I’m starting to get the feeling that I am absolutely crazy or something! OK so just a quick run down of all the things I have going on: 3 jobs, 2 internships, volunteering and occasionally baby-sitting, oh and did I mention that I’m a full time undergraduate biology majoring student! Alright spelling it all out let’s me know that I am crazy! I’m trying to figure out how I’m going to handle all of this stuff. It’s like, every possible time slot I may have gets filled with something. I’m starting to realize it may be better to say “no”. But I can’t because I want to seize every opportunity. I do like staying busy and hate being board. I guess I’ll just have to wait and see how I handle this fun.
I swear I’m constantly reminded that I have diabetes! Today in class, my pump alarm started going off! How embarrassing! This is the first day of the semester and I really don’t know too many people in the class. The professor was going over the syllabus and my arm starts beeping. Naturally everyone looks at me, the source, and I begin to feel like a tiny ant. All those eyes, starting at my abnormality. I just can’t but feel like diabetes runs my life. I’ve been so busy lately that I forgot it was going to check when it would expire. There are so many extra precautions and extra things I have to go through so things like this don’t happen. Other diabetics and parents of diabetic children have told me that managing this, really is a job (too bad we don’t get paid for it! ).
I guess I just have to hope for the best and prepare a little better. I know life isn’t fair, but it really sucks having to deal with this extra stuff. Oh well, another day of school tomorrow. Who knows, maybe this is a good start-up conversation with a curious professor? I guess there could be a positive somewhere… I hope.
Often I hear about people who say they will not let diabetes define them. I do wonder what that means though. I mean my diagnosis of diabetes has greatly changed my life. I’ve become a dedicated T1D advocate wanting to make a difference in others lives. I want to eventually become an endocrinologist and lead a life dedicated to improving other’s lives with this disease. So in a sense, I think diabetes does define me. I think it makes me a better individual hoping to improve the lives of others.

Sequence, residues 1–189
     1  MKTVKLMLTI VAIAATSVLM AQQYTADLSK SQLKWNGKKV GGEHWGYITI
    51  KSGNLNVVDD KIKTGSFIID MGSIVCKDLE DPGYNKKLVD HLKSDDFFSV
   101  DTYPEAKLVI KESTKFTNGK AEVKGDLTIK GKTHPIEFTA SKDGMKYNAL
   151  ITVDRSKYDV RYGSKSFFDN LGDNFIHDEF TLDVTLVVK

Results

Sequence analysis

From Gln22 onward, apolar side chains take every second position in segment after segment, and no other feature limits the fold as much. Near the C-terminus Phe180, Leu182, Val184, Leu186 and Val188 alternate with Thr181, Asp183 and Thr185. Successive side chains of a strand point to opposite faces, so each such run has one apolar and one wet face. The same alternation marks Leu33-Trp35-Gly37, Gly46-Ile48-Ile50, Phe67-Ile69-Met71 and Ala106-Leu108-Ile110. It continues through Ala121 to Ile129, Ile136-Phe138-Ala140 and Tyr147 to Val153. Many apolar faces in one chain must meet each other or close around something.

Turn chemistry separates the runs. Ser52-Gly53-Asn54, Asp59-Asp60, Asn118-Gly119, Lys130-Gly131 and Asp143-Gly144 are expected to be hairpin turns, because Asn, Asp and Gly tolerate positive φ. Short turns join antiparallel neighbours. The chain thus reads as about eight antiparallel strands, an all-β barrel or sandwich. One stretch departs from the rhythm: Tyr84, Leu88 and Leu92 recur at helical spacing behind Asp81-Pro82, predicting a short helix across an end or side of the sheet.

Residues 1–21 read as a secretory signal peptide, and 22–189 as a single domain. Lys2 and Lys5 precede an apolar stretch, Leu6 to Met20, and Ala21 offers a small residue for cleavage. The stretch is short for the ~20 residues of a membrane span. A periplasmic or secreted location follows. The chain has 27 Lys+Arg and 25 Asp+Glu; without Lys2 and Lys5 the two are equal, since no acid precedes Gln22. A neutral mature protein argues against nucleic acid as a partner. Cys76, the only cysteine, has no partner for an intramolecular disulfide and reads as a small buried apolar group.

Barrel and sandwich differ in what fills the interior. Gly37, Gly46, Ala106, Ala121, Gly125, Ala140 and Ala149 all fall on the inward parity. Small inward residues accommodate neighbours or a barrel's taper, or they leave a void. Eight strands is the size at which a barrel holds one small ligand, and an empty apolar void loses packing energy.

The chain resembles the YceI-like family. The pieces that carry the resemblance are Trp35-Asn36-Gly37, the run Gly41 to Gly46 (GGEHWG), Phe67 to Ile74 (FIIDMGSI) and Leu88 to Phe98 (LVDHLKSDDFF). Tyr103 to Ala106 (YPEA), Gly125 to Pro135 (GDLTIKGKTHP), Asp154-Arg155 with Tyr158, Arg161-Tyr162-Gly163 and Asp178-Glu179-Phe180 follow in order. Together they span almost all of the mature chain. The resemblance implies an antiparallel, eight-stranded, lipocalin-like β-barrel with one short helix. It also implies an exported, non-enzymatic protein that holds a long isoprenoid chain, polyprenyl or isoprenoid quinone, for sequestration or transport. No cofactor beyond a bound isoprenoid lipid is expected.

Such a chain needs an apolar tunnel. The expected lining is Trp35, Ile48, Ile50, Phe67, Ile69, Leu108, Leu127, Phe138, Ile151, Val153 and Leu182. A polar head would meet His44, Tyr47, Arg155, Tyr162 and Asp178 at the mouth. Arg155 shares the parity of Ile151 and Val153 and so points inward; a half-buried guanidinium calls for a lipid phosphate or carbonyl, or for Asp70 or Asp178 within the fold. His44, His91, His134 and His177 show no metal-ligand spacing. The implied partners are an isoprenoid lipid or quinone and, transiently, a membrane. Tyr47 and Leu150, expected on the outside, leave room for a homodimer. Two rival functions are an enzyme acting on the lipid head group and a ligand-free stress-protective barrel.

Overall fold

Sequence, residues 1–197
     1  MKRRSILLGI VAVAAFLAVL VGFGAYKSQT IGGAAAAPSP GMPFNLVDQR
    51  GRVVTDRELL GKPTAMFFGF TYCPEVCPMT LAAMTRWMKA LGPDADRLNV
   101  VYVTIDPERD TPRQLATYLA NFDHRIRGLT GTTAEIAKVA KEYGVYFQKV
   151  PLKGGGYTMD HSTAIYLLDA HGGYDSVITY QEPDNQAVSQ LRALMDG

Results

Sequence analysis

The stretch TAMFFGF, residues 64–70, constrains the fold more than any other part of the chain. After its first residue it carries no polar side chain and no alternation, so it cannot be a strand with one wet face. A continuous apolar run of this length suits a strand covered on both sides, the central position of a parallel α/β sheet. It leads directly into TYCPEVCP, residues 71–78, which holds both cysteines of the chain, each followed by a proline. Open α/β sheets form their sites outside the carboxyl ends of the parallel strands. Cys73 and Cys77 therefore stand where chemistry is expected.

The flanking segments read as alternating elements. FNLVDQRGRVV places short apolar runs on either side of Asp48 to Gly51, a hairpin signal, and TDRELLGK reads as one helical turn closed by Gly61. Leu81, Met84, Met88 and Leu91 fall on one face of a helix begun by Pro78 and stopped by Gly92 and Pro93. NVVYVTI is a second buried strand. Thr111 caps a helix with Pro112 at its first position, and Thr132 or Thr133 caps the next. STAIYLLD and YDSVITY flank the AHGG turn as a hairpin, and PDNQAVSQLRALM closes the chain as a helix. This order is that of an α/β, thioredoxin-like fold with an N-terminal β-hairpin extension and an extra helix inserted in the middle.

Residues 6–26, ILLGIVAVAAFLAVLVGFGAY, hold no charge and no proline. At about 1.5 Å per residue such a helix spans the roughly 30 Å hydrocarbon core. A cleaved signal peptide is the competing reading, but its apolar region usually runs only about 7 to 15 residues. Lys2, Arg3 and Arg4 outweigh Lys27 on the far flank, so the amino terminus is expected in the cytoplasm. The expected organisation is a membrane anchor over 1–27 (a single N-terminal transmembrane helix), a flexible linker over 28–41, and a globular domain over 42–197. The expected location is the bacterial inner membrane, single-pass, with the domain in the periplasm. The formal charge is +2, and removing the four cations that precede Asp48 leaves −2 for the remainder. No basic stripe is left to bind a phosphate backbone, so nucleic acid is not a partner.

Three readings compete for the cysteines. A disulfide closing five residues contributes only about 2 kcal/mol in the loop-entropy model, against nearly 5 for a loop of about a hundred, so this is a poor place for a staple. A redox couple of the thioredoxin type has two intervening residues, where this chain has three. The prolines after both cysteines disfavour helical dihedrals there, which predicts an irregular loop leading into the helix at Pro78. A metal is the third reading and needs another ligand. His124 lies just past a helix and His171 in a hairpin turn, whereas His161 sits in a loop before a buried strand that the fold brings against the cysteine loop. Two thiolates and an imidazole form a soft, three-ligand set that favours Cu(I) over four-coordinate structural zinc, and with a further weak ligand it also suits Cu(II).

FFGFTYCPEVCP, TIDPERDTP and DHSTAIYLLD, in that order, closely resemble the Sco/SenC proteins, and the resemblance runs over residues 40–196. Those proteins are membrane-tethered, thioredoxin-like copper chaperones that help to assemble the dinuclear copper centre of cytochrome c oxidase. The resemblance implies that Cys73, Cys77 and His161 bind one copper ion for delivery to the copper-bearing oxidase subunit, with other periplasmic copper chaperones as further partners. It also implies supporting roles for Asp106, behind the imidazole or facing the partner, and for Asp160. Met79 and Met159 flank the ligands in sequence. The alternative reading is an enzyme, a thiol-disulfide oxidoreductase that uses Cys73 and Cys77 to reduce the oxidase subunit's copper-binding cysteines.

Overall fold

However I do see the negative side of diabetes defining someone, including myself. Having it define you can mean, you use it as an excuse. You can let diabetes stop you in your tracks and from obtaining your goals rather than finding a way a round these problems. Don’t get me wrong, I have been guilty of this myself. I’ve used it as an excuse to not exercise. I’ve used it as an excuse to have a cookie. I’ve used it as an excuse to stay home and skip class, rather then fight through the pain of a high. In each one of these circumstances, there can always be an alternative. Too low for exercising? Suspend insulin and have an apple before going. Too low and eat a cookie? Try pineapple or banana instead. I’m guilty of making these excuses. I think most people will occasionally do the same. Everyday average people will do the same thing though. They say they can never find time to workout or that healthy eating isn’t cheap. We all use our life’s circumstances as an excuse to prevent us from reaching our goals.
In the end, I do see my diabetes as defining me. And honestly, I don’t think that as being a problem. I allow all the good things that have come from it to run my life instead of the bad. Everyone has something that has happened in their lives that make them sad and occasionally, having diabetes makes me sad. It’s apart of me though and I feel I need to embrace it! That’s why I think it does define me. I let the good define me though and I have to remember to stop the excuses.